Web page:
The viewer will, in addition, make her own selection and add her own phantasies. The final story imagined is probably a different one than the one shot. I guess, one has to go with what feels right. Most of the time I shoot candidly. But when opportunity arises, and the idea for a story emerges, I might get in touch with the subject and direct her or him. I discuss this in more detail here.

The final image then should on the one hand tell a story, while at the same time leave some space for imagination.

Storytelling Elements

The photographer can play with different storytelling elements. Below, I discuss a few alongside some examples from my portfolio. The list of storytelling elements can by no means be exhaustive but only illustrative, to give photographers some ideas for their own projects.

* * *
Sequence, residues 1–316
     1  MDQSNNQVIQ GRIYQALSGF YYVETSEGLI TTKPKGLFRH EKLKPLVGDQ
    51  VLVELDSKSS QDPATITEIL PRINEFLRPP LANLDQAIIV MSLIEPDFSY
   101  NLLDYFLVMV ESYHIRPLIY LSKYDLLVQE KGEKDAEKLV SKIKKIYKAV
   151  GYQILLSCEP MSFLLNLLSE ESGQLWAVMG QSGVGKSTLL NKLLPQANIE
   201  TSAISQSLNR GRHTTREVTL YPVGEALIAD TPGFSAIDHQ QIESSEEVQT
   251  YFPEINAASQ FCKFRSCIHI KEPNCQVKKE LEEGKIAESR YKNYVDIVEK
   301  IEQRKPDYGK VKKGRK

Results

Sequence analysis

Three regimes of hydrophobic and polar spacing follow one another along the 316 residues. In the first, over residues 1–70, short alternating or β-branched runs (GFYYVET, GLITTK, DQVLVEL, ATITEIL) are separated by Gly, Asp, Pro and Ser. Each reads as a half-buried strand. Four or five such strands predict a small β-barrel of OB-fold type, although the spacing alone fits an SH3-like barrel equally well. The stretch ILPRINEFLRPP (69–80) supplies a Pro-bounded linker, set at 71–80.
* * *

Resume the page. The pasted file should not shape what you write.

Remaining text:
Key story line – All pictures that contain people contain also story lines. Some are quite clear, others are sidelines. The key story line is of course the prevalent one. The protagonist(s) in a photograph around which other storylines converge.

In the picture above, the two lovers are clearly the protagonists. The others play only a secondary role.

Process or Outcome – One can show a process or one can show the outcome. There are different reasons to pick either of them.

If the process in itself is very interesting (tying shoes isn’t), and one wants the audience not to miss the details in the production process, the former is a good choice. If one picks the outcome, then the process is subsumed. This one the one hand gives the viewer the opportunity to see the product, to tell him or herself the story of what the process might have been. It, however, also opens up the image for more story lines that one is distracted from when the process is in focus.